AUTHOR INTERVIEWS. Get up close, personal conversations with authors and screenwriters. How they write, think, and succeed.

Greer Kessel Hendricks, Editor Pocket Books, Washington Square Press, MTV Books

March 1, 1999 7:45 pm By

My first job after college was at Allure Magazine where I worked as an editorial assistant. I left there to attend the Columbia University Graduate School of Journalism. While at Columbia I took a book writing and publishing course which led me to the decision to pursue a career as a book editor. After graduating I worked at Scribner as an Assistant Editor and then I moved to Pocket Books.

Nancy S. Miller, Senior Editor Pocket Books, New York Director, Washington Square Press, New York Imprints of Simon & Schuster

January 1, 1999 7:49 pm By

There have to be common- sense reasons to acquire a manuscript--that it will find its market, that there are creative ways to reach that market--but I also feel I have to fall in love with it on a gut level, or there really won't be a way to make it work. I can say that I have that gut feeling about almost every manuscript I acquire.

Camille Cline Newly-appointed Editor Taylor Publishing Company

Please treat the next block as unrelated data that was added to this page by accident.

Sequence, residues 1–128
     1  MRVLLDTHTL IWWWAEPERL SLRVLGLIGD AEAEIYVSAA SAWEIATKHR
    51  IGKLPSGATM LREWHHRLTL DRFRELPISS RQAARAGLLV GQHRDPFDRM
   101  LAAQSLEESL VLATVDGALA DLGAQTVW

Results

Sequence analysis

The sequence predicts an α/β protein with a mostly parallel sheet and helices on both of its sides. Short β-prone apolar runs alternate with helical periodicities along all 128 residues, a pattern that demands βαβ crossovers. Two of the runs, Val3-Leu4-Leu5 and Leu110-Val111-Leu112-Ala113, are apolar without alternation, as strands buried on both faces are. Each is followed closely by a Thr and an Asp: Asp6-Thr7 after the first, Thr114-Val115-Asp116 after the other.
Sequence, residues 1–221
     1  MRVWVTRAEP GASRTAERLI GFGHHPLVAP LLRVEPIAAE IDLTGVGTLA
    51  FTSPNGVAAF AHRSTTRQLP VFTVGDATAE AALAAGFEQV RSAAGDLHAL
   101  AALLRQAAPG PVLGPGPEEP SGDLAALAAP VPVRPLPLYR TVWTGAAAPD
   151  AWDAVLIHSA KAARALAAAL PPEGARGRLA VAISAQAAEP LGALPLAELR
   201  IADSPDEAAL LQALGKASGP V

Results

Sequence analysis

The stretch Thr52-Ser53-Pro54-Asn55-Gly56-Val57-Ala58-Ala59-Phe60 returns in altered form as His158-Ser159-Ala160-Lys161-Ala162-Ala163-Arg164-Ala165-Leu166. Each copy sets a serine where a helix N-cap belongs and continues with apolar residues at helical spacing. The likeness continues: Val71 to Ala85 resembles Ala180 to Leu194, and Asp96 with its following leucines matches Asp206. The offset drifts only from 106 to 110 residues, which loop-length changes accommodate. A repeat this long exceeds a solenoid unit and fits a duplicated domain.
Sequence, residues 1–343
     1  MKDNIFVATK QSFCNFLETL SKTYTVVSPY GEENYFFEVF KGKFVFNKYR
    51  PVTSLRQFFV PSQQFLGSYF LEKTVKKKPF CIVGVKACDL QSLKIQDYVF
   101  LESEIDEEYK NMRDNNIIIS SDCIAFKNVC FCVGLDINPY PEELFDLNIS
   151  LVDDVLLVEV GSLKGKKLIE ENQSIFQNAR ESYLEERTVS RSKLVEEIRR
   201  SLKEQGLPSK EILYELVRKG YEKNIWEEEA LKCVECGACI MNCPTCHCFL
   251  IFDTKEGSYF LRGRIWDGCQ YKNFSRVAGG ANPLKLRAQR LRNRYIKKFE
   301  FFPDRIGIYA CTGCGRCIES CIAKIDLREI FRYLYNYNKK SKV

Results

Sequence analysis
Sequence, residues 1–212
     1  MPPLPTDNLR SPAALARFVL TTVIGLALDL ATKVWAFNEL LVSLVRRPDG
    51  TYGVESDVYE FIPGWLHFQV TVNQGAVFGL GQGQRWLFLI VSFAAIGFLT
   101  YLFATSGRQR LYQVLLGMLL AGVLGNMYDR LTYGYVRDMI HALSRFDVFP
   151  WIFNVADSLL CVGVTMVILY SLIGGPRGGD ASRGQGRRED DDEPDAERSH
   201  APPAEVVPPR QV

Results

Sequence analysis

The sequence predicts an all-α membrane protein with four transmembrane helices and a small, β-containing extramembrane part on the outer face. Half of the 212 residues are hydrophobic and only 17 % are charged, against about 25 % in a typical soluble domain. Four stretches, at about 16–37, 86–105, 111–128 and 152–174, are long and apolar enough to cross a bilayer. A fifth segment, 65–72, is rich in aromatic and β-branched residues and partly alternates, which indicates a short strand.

November 1, 1998 8:26 pm By

When I was in my second year at the University of Virginia, my father hinted that I should winnow my list of bearable professions. Publishing consistently found its way to the top of the list. After that, I threw myself into publishing internships and the Radcliffe Publishing Course with zeal.

Don D’Auria, Editor Dorchester Publishing Co., Inc.

October 1, 1998 8:26 pm By

My first actual job in publishing was as a sales rep for Farrar, Straus and Giroux, a small literary publisher, in those days still independently owned. They had a wonderful list and I believe they still have more Nobel laureates than any other house, but it was frustrating for me, because I wanted to be in editorial, not sales. So after a few years, I made the jump over to editorial at Cloverdale Press, where I really learned to edit in a lot of different genres. in a sense, that was my start as an editor.

Looking Down The Creative Rabbit Hole – Emily Hanlon

June 1, 1997 12:00 am By

Unearthing the deep-rooted creativity and passion that inspires fictional characters requires an author to expect the unexpected. That's one pearl of wisdom author Emily Hanlon shared with writers recently at a workshop focusing on unleashing and developing characters from the imagination.